So there I was, over lunch, perusing this month’s selections and lo and behold came to this review:

…Pessl’s debut novel is complex yet compelling, erudite yet accessible. It combines the suspense of Hitchcock, the self-parody of Dave Eggers, and the storytelling gifts of Donna Tartt with a dazzling intelligence and wit entirely Pessl’s own.

I don’t know about you, but I wouldn’t read a book with a review like that. I wonder if the reviewer even read it. And I wouldn’t want that kind of review about a book of mine. Or would I?

Which leads me to the question, what kind of BOMC book review would I want? After mulling this over and coming up with schmarmy phrases too sappy to print (but containing plenty of superlatives and words like "compassion" and "insight") I think it’s too premature to say, because whatever I say would be limiting to my unfinished work.

But what about you…what would your BOMC book review say?

Sunday, January 21, 2007

Return to Writing

I have a daily writing habit I call "My Ticket." In translation this means "writing is my ticket to clarity." This may sound confusing, but one need only be reminded of the EM Forster quote "How can I know what I think until I see what I said" to know what I mean. Lately I've been working on a project that helps focus my thinking. I'd talk more about it, but somehow talking about a creative project is like grabbing jello or catching a butterfly: the moment I try to define it, it dissolves and runs off the counter or flutters away. Know that I'm working. I have a ticket to ride.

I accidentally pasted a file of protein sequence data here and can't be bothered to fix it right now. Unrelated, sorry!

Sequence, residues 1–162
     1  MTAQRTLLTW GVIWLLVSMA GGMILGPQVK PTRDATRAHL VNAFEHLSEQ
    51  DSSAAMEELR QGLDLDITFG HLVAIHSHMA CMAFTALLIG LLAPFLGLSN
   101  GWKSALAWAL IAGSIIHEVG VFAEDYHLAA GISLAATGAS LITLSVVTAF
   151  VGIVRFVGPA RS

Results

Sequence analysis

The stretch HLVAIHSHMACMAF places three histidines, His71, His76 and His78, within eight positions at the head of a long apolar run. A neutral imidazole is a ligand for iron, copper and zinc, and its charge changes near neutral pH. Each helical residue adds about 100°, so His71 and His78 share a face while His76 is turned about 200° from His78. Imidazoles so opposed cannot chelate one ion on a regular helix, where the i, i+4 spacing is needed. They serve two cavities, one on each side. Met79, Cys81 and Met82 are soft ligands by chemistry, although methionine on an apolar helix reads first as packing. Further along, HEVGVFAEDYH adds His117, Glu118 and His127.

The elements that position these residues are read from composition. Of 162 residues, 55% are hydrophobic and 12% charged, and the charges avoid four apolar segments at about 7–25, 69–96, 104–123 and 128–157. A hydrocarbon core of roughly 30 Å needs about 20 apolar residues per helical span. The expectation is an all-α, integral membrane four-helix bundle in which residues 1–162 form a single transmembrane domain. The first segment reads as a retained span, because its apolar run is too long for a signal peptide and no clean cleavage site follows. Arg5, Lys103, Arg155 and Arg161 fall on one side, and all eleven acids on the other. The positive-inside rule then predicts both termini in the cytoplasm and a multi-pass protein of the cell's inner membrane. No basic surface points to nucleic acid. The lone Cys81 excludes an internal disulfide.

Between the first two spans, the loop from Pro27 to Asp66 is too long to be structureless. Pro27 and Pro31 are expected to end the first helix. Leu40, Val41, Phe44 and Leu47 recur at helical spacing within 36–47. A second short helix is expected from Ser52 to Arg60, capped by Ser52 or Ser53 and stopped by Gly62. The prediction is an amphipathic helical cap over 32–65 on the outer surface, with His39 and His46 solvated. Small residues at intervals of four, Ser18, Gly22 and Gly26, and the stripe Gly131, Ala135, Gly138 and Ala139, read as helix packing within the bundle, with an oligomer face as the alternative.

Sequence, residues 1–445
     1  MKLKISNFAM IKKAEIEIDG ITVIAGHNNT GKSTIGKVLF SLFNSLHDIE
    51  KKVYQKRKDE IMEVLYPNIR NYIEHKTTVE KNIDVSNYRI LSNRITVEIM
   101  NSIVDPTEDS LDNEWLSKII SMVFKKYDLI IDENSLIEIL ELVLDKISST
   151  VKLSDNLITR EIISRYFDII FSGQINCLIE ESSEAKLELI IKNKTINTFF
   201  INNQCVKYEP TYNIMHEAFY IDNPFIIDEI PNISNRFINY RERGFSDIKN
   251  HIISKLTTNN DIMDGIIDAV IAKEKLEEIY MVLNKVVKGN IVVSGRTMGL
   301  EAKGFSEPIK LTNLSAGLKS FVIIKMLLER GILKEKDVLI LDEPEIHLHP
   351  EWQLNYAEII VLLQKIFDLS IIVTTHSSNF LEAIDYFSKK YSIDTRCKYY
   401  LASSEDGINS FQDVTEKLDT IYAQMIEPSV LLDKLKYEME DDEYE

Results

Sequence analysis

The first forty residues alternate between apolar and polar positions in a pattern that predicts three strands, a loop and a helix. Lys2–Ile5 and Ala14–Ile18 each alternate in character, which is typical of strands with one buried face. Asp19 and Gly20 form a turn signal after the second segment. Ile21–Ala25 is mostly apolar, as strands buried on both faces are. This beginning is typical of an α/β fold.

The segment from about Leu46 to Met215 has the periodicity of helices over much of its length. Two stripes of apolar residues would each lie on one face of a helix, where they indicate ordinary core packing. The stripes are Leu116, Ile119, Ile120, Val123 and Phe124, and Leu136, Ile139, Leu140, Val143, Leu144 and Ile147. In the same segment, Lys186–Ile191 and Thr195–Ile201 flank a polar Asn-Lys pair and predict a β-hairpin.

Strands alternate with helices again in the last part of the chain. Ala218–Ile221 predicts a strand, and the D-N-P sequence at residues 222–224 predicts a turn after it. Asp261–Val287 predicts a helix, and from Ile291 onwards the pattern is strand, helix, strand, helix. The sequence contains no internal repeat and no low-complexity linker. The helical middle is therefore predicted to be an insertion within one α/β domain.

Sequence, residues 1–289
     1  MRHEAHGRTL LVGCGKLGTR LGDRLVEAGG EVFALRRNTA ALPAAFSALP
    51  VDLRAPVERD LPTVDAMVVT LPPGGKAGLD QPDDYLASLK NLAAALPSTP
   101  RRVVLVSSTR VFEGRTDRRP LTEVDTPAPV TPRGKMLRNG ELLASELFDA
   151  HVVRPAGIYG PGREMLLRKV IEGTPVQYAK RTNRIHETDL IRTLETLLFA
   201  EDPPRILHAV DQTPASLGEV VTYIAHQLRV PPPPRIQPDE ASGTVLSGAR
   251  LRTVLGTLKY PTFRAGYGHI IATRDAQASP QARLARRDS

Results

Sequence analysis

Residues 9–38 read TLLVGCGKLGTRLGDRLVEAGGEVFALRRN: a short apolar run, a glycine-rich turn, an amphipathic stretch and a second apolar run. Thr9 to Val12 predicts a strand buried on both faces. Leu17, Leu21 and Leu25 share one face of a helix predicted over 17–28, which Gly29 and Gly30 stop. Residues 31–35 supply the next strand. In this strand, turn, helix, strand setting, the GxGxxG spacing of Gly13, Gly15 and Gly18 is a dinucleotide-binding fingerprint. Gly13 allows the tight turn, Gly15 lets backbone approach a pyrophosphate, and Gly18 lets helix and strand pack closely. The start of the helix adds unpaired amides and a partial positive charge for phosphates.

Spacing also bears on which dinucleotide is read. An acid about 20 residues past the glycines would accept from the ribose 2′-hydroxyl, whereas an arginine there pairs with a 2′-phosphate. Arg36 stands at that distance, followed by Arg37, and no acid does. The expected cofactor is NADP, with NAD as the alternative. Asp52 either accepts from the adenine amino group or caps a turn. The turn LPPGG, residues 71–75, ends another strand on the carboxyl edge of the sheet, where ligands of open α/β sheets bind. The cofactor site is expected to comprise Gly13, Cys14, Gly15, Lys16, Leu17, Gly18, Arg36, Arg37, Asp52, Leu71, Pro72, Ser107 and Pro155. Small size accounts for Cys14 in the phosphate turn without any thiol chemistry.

Saturday, January 20, 2007

Alice in Wonderland

What unexpected corner did I turn that I have not written an entry in my blog in four months?

I don’t know.

Have all the pots been on simmer, but none of the stew ready to serve?

I hope something’s been simmering.

Meanwhile, I build my bookshelf of hope.

This shelf is built of unread books that I look at whenever I leave the house or come home. It’s an inadvertent shelf- the books just landed there for the time being. They are at eye level, and I feel hopeful and excited when I see them, a doorway to unknown magic worlds. I picked them up at a used book sale this summer, and I was happy finding them.

Each one of the books has a hidden talisman from a previous reader.

Thurber Country has a glossy color photograph of two young women laughing. One woman has shoulder length hair, her head is thrown back, her mouth wide open, her teeth aimed at the camera.

A Tree Grows in Brooklyn contains an air ticket from Dulles to Cincinnati, dated 1998.

One Hundred Years of Solitude has a postcard with a stamp and a picture of a bluebird. There’s a hand drawn arrow to the bird with the note, “Laura, do you think we are for the birds?” I’m thinking that Laura probably thought so, and this was one last effort on the writer’s part to make light and keep them glued together.

Maybe I didn’t turn an unexpected corner at all, but fell down a rabbit hole, a bit like Alice in Wonderland. We shall see!